Discover the fascinating natural, cultural and scientific value of the dozen craters, formed when a meteor hit the earth’s surface 4,700 years ago.
Walk into an other-worldly landscape shaped by an meteor hitting the earth at Henbury Meteorites Conservation Reserve. Located 145 kilometres south-west of Alice Springs, the reserve contains 12 craters that were formed when the Henbury Meteor, weighing several tonnes and accelerating to over 40,000 kilometres per hour, disintegrated before impact.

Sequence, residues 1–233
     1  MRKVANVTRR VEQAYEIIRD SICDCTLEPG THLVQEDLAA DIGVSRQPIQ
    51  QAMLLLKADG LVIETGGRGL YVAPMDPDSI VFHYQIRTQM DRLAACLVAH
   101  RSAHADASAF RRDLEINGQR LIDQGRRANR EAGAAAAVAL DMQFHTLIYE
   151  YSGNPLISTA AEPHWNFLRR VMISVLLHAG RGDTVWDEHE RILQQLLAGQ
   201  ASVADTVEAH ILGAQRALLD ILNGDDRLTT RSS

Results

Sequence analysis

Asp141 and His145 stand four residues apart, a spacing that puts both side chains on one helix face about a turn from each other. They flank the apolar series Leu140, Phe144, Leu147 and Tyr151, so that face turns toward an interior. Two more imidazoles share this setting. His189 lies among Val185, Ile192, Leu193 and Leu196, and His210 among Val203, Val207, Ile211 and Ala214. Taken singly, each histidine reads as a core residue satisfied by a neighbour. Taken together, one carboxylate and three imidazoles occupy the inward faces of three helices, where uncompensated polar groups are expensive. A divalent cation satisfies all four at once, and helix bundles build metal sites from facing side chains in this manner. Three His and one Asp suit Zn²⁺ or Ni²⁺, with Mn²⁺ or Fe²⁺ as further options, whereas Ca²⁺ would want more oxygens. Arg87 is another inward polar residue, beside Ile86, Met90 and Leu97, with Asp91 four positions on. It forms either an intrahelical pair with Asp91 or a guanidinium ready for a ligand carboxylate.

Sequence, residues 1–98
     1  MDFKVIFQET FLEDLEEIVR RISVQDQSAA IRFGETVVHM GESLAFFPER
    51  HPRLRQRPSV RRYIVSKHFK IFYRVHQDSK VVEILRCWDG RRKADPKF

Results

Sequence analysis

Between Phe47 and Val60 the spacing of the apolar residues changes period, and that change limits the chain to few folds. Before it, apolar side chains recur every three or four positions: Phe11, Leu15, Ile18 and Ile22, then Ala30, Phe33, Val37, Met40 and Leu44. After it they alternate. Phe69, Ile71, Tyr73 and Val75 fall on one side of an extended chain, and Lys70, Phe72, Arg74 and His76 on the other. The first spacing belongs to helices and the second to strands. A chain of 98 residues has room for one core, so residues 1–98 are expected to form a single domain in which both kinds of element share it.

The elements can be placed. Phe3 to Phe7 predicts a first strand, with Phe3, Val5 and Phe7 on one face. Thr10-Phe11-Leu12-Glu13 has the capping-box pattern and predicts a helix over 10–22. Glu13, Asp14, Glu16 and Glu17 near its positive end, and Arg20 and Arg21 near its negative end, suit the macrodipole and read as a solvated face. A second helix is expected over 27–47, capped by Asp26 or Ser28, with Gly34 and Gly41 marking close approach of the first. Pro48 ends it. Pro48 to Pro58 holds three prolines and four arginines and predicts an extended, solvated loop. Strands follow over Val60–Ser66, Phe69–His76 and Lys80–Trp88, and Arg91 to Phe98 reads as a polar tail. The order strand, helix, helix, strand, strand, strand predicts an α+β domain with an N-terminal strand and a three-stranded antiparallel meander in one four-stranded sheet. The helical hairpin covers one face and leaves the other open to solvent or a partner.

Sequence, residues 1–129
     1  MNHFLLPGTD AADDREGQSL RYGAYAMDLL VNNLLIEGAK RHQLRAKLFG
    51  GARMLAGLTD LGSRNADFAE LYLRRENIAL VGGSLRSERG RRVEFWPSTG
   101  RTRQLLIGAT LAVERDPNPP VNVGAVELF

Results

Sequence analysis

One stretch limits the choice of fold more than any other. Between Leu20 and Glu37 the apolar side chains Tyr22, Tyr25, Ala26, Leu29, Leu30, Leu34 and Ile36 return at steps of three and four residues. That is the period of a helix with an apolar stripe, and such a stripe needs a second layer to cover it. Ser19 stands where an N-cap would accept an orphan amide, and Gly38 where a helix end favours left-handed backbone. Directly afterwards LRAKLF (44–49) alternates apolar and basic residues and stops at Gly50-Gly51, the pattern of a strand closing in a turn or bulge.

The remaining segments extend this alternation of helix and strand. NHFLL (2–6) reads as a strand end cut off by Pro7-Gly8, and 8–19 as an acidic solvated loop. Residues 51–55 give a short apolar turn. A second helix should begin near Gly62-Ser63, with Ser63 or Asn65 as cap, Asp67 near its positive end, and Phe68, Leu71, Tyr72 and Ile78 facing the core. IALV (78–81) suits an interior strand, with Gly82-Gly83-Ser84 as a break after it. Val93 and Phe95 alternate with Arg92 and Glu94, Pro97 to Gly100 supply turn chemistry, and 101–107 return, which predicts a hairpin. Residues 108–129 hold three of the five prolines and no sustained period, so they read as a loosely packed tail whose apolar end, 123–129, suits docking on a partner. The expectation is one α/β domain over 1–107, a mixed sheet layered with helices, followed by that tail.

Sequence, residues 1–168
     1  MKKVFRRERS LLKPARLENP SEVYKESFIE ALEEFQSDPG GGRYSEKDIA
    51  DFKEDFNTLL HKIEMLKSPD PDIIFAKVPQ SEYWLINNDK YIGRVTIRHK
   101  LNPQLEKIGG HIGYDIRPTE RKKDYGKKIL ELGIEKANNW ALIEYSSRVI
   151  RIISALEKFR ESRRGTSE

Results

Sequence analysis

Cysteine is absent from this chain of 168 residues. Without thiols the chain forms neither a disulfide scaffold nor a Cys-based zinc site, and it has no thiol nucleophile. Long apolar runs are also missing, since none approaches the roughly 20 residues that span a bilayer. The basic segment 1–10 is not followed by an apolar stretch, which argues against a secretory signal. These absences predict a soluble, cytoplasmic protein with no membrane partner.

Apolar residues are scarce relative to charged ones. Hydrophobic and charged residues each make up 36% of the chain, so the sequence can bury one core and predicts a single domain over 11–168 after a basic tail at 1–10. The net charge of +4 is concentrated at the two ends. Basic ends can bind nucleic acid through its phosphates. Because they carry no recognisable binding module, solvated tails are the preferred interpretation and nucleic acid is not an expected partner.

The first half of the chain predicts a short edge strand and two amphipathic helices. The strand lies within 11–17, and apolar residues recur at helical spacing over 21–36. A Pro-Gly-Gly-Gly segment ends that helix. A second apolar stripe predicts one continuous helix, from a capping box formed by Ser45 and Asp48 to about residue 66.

Follow the self-guided walking track around the craters, the largest of which is 180 metres wide and 15 metres deep. You will have to look more closely for the smallest, which is barely recognisable at 6 metres wide and only a few centimetres deep. Three or four of the craters can be seen very clearly and inspected at close range. Keen photographers should time their visit for early morning or late afternoon, when the sun defines the craters clearly.
The scattered fragments of the Henbury Meteorite can be found at the Museum of Central Australia. They consist mainly of iron and nickel and are extremely heavy. Over 500 kilograms of metal have been found on the site, the largest weighing over 100 kilograms.
Visitors can camp in a dedicated area with basic facilities, which is adjacent to the car park. Water and firewood are not supplied, and camping fees apply.